Weekend Confirmed Episode 21

By Garnett Lee, Aug 13, 2010 12:00pm PDT Before Garnett and Brian head to Texas for QuakeCon, they sit down with Jeff to record this week's show. It's a broad swath of gaming in Whatcha' Been Playin? ranging from more Madden and Starcraft 2 to Arc Rise Fantasia and even Minecraft. Your thoughts from our conversation last week about the viability of female characters leads the Warning before the subject turns to the line between fun, engaging game design and frustrating compulsion to beat a game. And in the front page there's news of new Borderlands DLC and the celebrity voice cast in Fallout New Vegas. Due to travel we recorded early this week but we'll have Jeff's reaction to Bioshock Infinite and look at July's sales figures next week.

Weekend Confirmed Ep. 21 - 08/13/2010

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Weekend Confirmed comes in four segments to make it easy to listen to in segments or all at once. Here's the timing for this week's episode:

Whatcha' Been Playin: Start: 00:00:00 End: 00:30:37

Whatcha' Been Playin and Cannata-ford a New Game: Start: 00:31:40 End: 01:03:29

The Warning: Start: 01:04:38 End: 01:36:58

Music Break featuring "Quid Pro Quo" by Civicminded Start: 01:36:58 End: 01:40:14

The Front Page: Start: 01:40:14 End: 02:12:19

Music Break this week comes from Civicminded, winners of the Best New Artist honors in the Omaha Arts and Entertainment Awards. The track "Quid Pro Quo" comes from the band's debut effort, Sequence. You can download the full song for free on the Civicminded Facebook page. You can also catch up with them on MySpace. Civicminded’s own Phil Reno also composed the soundtrack for the Giant Bombcast.

Original music in the show by Del Rio. Get his latest single, Small Town Hero on iTunes and check out more at his Facebook page.

Jeff can also be seen on The Totally Rad Show. New episodes come out weekly on Tuesday.

Our Official Facebook Weekend Confirmed Page is coming along now so add us to your Facebook routine. We'll be keeping you up with the latest on the show there as well.

Weekend Confirmed will be taping live at PAX! Hope you can join us Saturday, Sep 4 at 2pm in the Serpent Theatre.

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  • As much as I've loved playing video games in the past, I completely understand why they aren't more socially acceptable, because when you get right down to it most video games are inherently silly. I'm not even thinking of the obvious examples like Bayonetta or the DOA games, I'm thinking of the entire gambit, but in the interest in time I'll stick to discussing shooters.

    In most shooters you play as one dude, running around killing hundreds, (HUNDREDS!), of enemies per game usually all on your own. You're like a one man genocide. You play as the good guy, yet by the end of the game you've killed more people than Pol Pot. Meanwhile the enemy has killed, what, two or three of your teammates? The bastards! The ridiculousness of that should be plain to see.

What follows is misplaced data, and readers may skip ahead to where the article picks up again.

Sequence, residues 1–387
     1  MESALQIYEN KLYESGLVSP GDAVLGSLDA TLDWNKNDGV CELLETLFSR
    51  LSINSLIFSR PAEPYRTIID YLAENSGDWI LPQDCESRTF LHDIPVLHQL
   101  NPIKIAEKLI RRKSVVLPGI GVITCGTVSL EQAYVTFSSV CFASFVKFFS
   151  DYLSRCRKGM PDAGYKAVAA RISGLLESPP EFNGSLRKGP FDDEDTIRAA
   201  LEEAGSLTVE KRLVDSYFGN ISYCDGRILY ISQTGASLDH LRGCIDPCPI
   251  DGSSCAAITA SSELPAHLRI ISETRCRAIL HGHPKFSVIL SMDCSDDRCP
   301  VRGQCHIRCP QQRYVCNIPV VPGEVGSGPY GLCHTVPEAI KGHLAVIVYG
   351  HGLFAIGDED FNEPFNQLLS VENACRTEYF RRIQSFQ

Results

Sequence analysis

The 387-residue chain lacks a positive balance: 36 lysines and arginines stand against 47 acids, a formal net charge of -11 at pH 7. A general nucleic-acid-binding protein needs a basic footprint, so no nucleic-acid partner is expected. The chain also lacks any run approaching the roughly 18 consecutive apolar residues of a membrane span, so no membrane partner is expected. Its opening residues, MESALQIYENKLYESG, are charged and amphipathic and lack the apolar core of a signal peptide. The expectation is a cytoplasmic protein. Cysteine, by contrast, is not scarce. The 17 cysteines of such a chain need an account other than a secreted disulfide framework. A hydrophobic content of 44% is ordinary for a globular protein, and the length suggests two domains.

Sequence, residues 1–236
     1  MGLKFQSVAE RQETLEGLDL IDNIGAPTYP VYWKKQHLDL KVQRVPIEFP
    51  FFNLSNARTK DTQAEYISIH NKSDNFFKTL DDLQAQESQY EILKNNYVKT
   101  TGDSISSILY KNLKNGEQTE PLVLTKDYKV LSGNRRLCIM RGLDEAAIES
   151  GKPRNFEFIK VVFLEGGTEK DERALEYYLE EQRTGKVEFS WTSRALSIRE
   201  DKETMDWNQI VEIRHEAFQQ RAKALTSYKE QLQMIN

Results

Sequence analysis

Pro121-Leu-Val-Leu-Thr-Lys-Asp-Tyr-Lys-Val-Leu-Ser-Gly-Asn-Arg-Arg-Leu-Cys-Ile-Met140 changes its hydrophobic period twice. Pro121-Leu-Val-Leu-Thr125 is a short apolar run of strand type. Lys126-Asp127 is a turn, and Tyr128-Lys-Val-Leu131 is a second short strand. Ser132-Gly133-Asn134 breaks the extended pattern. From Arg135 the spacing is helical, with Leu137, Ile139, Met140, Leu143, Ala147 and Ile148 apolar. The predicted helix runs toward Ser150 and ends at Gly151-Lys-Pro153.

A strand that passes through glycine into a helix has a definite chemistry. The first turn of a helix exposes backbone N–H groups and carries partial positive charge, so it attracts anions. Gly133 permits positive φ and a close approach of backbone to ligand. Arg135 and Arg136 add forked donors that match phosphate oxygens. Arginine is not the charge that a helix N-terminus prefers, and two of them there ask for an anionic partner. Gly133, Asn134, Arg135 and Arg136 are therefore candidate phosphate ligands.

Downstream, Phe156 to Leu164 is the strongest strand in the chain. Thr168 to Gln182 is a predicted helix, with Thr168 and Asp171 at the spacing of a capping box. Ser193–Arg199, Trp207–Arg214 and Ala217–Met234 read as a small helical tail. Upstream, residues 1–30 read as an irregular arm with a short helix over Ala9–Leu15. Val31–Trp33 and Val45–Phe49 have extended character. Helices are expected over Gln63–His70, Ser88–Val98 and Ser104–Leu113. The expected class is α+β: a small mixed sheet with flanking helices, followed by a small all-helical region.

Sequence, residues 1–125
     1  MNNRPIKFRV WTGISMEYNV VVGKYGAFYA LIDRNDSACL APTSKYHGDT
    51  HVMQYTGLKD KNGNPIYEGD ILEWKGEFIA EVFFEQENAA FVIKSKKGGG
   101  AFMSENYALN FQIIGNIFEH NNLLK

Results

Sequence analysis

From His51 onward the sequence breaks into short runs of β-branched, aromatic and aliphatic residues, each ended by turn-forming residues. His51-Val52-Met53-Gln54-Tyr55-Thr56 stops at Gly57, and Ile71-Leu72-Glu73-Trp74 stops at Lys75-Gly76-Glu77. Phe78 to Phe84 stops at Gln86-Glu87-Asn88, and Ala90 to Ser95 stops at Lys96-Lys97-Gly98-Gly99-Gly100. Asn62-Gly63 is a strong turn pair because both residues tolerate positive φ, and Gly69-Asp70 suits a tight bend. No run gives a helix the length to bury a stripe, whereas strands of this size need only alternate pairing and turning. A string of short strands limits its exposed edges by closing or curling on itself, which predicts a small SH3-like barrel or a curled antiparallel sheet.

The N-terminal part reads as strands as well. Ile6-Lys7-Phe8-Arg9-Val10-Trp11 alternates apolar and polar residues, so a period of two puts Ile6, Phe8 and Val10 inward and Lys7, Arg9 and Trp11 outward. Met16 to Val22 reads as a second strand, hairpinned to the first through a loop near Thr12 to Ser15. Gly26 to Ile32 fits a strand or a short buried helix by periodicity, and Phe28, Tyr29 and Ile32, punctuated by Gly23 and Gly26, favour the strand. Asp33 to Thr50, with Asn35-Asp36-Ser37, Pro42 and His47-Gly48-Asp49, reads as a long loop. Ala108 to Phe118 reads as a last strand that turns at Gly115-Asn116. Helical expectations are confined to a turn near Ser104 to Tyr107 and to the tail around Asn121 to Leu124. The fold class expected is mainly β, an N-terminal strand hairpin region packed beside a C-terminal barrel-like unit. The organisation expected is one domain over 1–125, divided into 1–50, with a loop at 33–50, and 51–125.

Add to that the fact that your character often has muscles bigger than the couch you're sitting on, and the dialogue is mostly comprised of enough macho soundbites, and bromides to make a lethal drinking game out of them.

    What's more, it's not uncommon for your character to know how to operate every single pistol, SMG, machine gun, light machine gun, sniper rifle, rocket launcher, jeep, snowmoblie, tank, helicopter, hang glider, jet pack, and airplane known to man! And we have the audacity to laugh at MacGyver? (Okay, we can laugh at MacGyver).

    Oh also your characters health is more resilient than Tony Randall's sex drive, (god rest his fertile soul).

    Now obviously I know that we need many of those above mentioned abilities in order to create a fun enjoyable experience but that doesn't make them any less silly. The point I'm trying to make is that I don't think games enthusiasts should be surprised that their hobby isn't more accepted.

    Now is any of this more silly than say Jersey Shore? It doesn't matter if it is or not because Jersey Shore, as ridiculous as it is, is part of the world of television, a medium that has been socially acceptable for decades. Video games on the other hand, despite how sophisticated they've become are still attached to 20 plus years of geek stigma. That perception is changing, but the medium has a while to go before it's completely shaken its dorky image.

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